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Do Larger Animals Take Longer to Pee?

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A rhinoceros has a bigger bladder than a dog, and generates urine by the bucketful. So which animal spends more time peeing? Scientists from Georgia Tech figured that, in general, larger animals would pee for longer. To test their hypothesis, they set up high-speed cameras to record Zoo Atlanta animals as they “did their business,” and supplemented that footage with videos from YouTube. Altogether, they analyzed the urination of 32 different animals ranging in size from mice to jaguars, gorillas, and elephants. 

Surprisingly, it turned out that mammals which weigh more than 6 pounds urinate for roughly the same length of time, regardless of their size. That is, they pee for 21 seconds on average, give or take 13 seconds. “This invariance is noteworthy,” the scientists write in the study, which was published in Proceedings of the National Academy of Science, “considering that an elephant’s bladder, at 18 liters, is nearly 3600 times larger in volume than a cat’s bladder at five milliliters.”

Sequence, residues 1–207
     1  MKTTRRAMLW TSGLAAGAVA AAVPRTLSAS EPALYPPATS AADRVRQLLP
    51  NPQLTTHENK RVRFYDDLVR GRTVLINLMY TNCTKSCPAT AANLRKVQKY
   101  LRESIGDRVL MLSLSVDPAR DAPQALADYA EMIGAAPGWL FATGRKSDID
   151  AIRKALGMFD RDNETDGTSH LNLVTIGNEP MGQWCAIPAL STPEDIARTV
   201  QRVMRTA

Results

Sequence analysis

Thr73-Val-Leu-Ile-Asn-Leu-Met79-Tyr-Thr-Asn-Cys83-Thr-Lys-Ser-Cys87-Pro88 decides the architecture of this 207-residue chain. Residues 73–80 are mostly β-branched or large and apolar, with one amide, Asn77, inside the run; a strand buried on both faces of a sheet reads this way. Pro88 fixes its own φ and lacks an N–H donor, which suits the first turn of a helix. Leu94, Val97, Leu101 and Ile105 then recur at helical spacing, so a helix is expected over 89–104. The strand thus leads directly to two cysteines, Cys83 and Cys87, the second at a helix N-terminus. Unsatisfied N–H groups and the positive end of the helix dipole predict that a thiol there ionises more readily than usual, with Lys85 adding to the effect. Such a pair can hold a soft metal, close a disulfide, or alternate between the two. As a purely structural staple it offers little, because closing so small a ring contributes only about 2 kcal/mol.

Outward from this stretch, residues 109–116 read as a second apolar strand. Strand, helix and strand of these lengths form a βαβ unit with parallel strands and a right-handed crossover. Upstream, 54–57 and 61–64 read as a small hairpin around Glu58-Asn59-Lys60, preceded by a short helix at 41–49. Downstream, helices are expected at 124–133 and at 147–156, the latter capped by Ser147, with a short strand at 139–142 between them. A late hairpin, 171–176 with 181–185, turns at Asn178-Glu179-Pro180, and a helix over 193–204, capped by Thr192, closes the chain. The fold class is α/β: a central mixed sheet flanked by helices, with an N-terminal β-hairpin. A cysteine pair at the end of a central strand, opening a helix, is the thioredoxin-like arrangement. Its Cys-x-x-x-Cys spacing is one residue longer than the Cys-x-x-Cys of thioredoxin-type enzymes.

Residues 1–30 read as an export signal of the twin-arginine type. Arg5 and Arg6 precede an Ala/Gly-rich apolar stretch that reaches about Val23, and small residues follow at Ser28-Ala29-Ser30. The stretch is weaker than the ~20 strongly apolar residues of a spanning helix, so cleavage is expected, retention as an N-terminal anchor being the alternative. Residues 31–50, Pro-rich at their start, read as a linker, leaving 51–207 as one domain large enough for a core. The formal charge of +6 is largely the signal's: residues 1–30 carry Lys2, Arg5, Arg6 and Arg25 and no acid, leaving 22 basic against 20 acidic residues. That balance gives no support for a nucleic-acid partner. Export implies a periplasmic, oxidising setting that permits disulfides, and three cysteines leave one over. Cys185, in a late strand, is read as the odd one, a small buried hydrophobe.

The reason that an elephant can release the equivalent of nine large soda bottles worth of urine in the same amount of time that it takes a cat to lose a spoonful of urine boils down to flow rates. An elephant pees faster than a cat because its urethra—the tube that delivers urine from the bladder and out of the body—is wider. The elephant’s urethra is also longer, allowing the force of gravity to act more strongly on fluid flowing through it.